Tsk, you people: why aren’t you buying Massmart stuff?

Business

Tsk, you people: why aren’t you buying Massmart stuff?

Game and Dion Wired’s almost complete wipeout of profits were behind the group’s slump in earnings

Chris Gilmour


Despite being well-signalled to the market, Massmart’s results for the 52 weeks to end-December 2018 were so poor that CEO Guy Hayward made a heartfelt apology for them at the company’s presentation to investors. Only cost discipline prevented them from being even poorer.
Operating in a tough economy across the continent, sales rose 2.9% to R90.9bn, with real comparable sales growth at only 1.4%. Trading profit dived 17% to R2.1bn. Office relocation, lack of management focus, and poor fresh division stock control (that should hopefully not recur) were key reasons behind plummeting earnings.
Masscash turned in a strong performance; Massbuild was flat in terms of profit growth; Massdiscounters had a disastrous year; and profits at Masswarehouse fell substantially. Group headline earnings per share fell 32% and the dividend was slashed by 40%.
Masscash, comprising Rhino, Jumbo and Cambridge, is a major group revenue contributor, at 32%, but the lowest trading profit contributor at 6.5%, due to sales mix being skewed towards low margin foods. Comparable sales here grew by 2.1% to R28.7bn, while comparable trading profit grew by 48.4% to R188.6m. This excellent profit performance was due to Rhino and Jumbo wholesalers benefiting from reduced competition, a better second-half margin performance and good expense management.
Massdiscounters, comprising mainly Game and Dion Wired, suffered an almost complete wipeout of profits and was the main reason for the group’s slump in earnings. Sales fell by 1.2% to R19.7bn and trading profit plummeted by 91%, from R374m to R32.6m. Product deflation was 2.9%, market share was maintained or grown slightly, but December sales were unexpectedly weak.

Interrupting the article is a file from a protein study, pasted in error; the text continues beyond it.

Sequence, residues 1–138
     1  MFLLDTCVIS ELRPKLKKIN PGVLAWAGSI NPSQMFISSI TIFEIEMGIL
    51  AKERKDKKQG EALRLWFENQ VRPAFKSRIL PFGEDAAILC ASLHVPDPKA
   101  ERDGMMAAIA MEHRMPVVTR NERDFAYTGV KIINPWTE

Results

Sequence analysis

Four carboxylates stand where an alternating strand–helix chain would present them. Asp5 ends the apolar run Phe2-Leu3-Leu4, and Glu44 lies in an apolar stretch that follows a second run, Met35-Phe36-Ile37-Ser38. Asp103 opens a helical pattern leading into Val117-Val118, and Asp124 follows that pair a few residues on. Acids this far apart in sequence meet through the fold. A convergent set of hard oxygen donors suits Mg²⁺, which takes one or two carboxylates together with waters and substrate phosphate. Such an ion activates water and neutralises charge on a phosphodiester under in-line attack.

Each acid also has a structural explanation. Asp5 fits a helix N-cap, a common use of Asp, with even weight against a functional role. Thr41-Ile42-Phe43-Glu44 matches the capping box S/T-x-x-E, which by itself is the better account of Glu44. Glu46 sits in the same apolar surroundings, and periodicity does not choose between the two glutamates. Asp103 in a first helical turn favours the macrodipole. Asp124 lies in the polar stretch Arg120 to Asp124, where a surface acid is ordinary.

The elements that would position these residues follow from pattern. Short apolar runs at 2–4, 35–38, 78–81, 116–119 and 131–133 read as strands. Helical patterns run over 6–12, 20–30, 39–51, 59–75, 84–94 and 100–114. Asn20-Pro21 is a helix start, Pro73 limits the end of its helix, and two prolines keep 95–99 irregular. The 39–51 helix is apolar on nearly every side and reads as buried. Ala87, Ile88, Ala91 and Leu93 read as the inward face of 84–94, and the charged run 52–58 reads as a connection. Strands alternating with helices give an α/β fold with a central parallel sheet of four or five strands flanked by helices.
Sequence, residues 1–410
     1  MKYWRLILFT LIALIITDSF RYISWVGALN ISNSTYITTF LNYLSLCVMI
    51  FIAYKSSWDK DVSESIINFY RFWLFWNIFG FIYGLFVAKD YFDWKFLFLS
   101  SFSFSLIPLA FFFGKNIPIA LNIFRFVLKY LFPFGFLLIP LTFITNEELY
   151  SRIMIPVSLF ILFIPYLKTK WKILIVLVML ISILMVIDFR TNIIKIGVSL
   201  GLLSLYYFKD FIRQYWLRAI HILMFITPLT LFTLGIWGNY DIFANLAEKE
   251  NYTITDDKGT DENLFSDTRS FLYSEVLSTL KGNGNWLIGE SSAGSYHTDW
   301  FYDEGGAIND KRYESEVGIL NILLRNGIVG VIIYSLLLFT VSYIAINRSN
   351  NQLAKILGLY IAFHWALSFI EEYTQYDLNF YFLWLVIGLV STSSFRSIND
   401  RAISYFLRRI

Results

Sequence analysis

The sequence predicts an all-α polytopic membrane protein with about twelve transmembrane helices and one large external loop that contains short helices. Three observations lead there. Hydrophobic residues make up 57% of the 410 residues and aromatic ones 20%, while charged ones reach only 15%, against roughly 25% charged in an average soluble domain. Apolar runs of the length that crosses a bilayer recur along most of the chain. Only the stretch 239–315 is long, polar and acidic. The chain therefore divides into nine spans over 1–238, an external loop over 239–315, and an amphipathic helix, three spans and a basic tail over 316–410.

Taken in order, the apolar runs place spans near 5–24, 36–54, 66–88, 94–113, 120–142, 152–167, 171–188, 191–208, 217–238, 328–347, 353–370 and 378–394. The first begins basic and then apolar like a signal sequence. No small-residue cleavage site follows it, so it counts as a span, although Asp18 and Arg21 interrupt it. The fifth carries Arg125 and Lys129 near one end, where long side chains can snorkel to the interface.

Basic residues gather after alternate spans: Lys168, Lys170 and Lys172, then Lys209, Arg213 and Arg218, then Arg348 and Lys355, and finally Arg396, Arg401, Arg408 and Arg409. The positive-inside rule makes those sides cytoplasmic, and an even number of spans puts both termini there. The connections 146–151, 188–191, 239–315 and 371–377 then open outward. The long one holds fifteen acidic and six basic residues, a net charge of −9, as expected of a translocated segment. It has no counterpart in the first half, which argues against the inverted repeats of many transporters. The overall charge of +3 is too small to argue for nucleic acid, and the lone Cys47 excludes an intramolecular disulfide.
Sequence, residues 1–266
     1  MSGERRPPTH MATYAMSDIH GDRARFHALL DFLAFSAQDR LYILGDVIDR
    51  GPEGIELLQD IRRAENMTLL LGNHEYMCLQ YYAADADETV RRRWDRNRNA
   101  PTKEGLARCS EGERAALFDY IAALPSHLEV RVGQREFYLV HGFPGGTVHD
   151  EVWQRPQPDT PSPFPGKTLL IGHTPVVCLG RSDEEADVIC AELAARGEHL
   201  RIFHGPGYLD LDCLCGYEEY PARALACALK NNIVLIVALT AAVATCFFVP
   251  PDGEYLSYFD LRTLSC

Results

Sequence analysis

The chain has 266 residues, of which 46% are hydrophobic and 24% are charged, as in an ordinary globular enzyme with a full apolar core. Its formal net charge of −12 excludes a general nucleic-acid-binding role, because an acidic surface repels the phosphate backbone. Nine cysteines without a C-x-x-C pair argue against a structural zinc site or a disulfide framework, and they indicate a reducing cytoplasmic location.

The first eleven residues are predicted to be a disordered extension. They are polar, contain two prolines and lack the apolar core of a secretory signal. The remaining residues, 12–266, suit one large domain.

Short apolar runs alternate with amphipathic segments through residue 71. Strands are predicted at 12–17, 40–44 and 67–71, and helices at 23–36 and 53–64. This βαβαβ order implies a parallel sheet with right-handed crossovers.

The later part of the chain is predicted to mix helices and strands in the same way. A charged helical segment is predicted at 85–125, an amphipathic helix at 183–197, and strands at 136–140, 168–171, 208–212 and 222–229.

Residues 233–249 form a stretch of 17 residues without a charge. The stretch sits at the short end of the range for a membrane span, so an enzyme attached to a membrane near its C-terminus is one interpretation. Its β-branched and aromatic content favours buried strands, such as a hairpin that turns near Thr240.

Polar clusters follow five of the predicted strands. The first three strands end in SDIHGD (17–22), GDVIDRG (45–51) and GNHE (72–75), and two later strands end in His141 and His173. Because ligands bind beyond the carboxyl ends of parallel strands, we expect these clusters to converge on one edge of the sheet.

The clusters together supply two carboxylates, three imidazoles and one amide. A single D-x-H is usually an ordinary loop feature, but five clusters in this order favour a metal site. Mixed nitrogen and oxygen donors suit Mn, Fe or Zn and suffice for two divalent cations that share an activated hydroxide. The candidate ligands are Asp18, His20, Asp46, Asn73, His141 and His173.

The division lost 1% in trading margin, largely due to disruption caused by relocation of Game’s head office from Durban to Johannesburg. This cost R116m but management expects to save R30m a year from this change.
“The move to Joburg distracted the business”, said Hayward. “And during the relocation, trading disciplines were not robust.” He is confident that when management puts its eye back on the ball, the trading margin will recover.
Sales at Masswarehouse (mainly Makro and Fruitspot) rose by 5.4% to R28.8bn, with good growth in liquor and durables, but food sales saw deflation. The huge blot is trading profit which fell by 12.4% to R1.1bn. Two key reasons drove this dive – unacceptably high cost growth of 9.2% and poor stock control in the fresh business operation, resulting in a once-off write off. Hayward did not reveal specifics, but said more than 20 management and staff had to go.
November Black Friday sales were good, rising 16% to R1.8bn over the three-day period compared with the previous year’s event. Makro enjoyed a 10% increase, and Builders Warehouse sales rose by 33%, with appliances, especially air conditioners, selling especially well.
Of all the major fast-moving consumer goods retailers, Massmart probably has the strongest correlation to enhanced Black Friday consumer spending, and leveraging off this, Game stores opened the event at midnight.
Consumer spending in SA remains poor, unlikely to change anytime soon. However, Massmart’s earnings may have bottomed, considering that the standout problem at Massdiscounters should not recur, and will indeed give a boost to future trading periods.
Sales for the first seven weeks of the current financial year were mildly encouraging, with nominal sales growth of 5.2% and comparable sales growth of 3.9%. Despite this slightly improved outlook, Massmart remains cautious on the first half, even though Hayward said “Massmart is probably the lowest cost operator in the SA retail space”.
The share price has fallen 50% from its peak of R177 a year ago. If headline earnings per share can quickly climb back to the 2017 level, simply by restoring the Massdiscounters trading margin, and with no repeat of the fresh business inventory problems, the share price will then be on a price:earnings ratio of 14.3, which is reasonable in this environment.
Chris Gilmour is an investment analyst

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